ادغام منابع شرکت و قابلیت پیاده سازی سازمان هایCRM: مطالعه موردی از Fine-Equity Bankدر کشور کره
|کد مقاله||سال انتشار||تعداد صفحات مقاله انگلیسی||ترجمه فارسی|
|1014||2010||10 صفحه PDF||22 صفحه WORD|
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Publisher : Elsevier - Science Direct (الزویر - ساینس دایرکت)
Journal : Decision Support Systems, Volume 48, Issue 2, January 2010, Pages 313–322
کلید واژه ها
2.پس زمینه های نظری
2.1.دیدگاه مبتنی بر منابع
2.2.ادغام منابع و قابلیت های سازمانی در اجرایCRM
جدول 1. مطالعات قبلی مرتبط با منابع کلیدی و قابلیت های سازمانی در CRM موفق.
3.1.بررسی اجمالی AS-IS
3.2.تلاش های سازمانی جهت پیاده سازی یک سازمان CRM
4.یکپارچگی منابع و قابلیت های سازمانی
4.4.انتشار در سطوح سازمانی
5.جلب افراد به سمت فعالیت های CRM
5.1.اولین بازدهی و آموخته های حاصل از آن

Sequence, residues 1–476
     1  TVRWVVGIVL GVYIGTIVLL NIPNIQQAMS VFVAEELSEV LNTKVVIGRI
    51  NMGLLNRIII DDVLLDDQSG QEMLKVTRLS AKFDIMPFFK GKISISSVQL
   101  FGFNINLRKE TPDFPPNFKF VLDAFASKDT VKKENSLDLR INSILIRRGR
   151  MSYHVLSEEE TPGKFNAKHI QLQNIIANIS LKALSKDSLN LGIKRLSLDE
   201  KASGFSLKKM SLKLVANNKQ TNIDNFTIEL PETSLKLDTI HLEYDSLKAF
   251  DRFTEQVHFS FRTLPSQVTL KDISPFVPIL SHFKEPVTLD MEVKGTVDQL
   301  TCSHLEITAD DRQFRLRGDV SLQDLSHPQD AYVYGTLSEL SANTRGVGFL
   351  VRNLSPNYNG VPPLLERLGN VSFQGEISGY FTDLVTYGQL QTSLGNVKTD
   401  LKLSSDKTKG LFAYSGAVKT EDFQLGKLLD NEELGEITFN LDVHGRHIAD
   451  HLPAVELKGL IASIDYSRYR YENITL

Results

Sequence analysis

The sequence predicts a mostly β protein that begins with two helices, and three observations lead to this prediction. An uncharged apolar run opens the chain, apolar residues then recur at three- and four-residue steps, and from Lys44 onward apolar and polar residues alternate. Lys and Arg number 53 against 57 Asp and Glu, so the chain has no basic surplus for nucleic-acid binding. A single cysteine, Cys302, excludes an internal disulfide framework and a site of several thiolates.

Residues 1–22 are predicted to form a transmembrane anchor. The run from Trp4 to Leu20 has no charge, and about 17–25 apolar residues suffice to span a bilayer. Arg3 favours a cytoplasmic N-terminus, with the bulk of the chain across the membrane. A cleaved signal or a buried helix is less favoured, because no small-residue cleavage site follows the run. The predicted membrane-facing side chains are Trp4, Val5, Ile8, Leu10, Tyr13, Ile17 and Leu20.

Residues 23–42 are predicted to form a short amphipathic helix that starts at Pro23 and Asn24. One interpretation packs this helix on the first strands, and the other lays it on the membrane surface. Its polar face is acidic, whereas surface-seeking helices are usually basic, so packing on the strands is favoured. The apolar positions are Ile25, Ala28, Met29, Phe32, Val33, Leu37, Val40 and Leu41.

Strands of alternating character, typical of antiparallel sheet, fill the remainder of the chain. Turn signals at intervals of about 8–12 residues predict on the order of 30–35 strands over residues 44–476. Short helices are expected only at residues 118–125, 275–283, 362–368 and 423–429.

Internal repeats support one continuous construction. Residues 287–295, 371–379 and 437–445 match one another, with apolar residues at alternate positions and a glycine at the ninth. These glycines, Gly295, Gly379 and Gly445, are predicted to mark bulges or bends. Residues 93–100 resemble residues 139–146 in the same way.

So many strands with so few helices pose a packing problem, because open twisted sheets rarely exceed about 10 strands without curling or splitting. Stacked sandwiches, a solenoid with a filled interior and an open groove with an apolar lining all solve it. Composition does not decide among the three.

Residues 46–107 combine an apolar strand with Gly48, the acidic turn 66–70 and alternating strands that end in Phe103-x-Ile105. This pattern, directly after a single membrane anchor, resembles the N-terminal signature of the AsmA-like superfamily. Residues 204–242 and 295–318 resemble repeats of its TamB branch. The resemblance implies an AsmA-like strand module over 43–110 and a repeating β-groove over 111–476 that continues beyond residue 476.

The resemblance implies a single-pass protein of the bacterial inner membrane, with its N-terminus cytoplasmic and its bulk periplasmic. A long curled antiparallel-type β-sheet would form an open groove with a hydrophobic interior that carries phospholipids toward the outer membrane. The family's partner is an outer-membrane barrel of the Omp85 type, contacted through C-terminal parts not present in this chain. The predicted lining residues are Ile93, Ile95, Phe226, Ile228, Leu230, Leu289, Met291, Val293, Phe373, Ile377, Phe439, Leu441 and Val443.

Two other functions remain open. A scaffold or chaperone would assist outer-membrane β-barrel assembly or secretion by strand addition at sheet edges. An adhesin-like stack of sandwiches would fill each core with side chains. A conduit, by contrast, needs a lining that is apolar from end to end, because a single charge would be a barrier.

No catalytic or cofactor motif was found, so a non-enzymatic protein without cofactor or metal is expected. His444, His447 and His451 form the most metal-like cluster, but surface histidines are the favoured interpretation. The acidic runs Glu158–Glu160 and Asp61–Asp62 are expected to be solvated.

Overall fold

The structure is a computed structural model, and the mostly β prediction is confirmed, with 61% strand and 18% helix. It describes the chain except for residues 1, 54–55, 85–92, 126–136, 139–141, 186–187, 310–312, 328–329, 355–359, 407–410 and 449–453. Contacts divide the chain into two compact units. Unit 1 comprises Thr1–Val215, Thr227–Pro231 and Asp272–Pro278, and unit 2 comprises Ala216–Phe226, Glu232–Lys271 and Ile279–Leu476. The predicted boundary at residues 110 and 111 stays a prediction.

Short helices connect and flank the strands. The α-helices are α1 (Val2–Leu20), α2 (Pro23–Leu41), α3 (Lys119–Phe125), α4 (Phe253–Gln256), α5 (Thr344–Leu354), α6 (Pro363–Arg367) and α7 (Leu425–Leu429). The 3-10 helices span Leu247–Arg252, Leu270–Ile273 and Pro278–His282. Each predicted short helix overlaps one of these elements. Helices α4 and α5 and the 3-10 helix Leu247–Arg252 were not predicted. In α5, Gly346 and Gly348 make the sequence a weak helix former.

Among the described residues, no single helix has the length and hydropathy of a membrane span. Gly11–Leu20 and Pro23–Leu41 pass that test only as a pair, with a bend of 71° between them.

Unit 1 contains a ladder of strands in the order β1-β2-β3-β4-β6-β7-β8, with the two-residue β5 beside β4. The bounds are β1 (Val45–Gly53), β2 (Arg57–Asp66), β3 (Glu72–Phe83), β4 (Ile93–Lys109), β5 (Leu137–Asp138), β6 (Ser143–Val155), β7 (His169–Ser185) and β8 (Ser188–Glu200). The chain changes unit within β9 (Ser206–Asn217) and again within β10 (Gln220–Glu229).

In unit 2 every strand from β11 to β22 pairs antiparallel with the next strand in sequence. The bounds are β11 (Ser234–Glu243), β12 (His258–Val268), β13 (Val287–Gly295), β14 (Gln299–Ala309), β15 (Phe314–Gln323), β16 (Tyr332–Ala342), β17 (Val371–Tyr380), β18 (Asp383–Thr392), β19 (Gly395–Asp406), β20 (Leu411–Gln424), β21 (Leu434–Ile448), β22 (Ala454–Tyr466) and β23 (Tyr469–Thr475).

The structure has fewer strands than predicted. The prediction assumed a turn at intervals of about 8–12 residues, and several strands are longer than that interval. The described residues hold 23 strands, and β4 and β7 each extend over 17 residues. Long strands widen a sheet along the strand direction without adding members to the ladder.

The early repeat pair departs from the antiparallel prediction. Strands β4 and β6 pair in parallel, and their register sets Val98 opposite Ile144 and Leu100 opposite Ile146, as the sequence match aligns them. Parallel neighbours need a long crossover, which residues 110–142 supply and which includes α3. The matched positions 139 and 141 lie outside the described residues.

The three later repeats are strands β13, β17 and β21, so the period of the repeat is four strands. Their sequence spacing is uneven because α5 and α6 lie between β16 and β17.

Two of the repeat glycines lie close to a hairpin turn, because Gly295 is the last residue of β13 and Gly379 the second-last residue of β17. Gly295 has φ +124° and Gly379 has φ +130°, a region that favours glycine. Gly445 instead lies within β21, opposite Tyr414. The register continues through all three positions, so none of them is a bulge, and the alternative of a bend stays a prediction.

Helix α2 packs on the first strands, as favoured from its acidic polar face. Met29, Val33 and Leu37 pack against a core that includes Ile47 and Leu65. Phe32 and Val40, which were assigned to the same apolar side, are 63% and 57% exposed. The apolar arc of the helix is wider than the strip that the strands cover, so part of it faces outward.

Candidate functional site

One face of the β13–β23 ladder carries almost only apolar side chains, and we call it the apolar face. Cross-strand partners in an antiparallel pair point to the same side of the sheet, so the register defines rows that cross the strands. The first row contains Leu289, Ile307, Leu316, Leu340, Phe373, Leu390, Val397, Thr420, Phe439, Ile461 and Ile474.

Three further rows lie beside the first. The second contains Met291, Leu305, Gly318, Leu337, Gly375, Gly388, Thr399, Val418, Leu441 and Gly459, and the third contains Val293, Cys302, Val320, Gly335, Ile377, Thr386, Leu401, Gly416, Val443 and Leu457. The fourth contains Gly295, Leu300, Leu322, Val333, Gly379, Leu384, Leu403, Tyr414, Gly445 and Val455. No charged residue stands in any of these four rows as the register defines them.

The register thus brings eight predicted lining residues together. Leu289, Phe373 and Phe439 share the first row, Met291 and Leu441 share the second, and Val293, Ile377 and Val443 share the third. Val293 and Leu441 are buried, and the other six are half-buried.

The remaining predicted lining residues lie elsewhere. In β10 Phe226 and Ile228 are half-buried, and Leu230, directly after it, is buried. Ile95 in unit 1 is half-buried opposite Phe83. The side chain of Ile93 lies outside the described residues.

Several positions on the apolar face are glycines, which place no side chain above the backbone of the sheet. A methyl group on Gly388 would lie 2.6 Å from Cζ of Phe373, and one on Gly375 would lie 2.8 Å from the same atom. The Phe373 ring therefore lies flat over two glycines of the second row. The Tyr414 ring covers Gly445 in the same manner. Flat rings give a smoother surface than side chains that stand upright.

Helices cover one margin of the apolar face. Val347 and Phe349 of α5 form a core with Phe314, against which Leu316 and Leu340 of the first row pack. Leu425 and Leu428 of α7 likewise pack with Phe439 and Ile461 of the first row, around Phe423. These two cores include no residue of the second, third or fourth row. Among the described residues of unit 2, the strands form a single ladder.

5.2.رضایت کارمندان و مشتری مداری
5.3.یکپارچه ساز ی قابلیت ها و منابع انسانی
This chronological in-depth case study describes that, although the integration of functional resources and capabilities including information resource, analytical capability, and operational capability might influence retention process, those are not sufficient to bring the desired performances of acquiring and expanding customer relationships. Find-Equity Bank (a pseudonym) in this case validates that employee satisfaction must be a prerequisite of successful relationship acquisition and expansion processes, both which require employees to have more customer orientation relatively. Thus, this study emphasizes the significance of tripartite resource and capability consisting of technology, process, and people for the successful implementation of an enterprise-wide CRM strategy.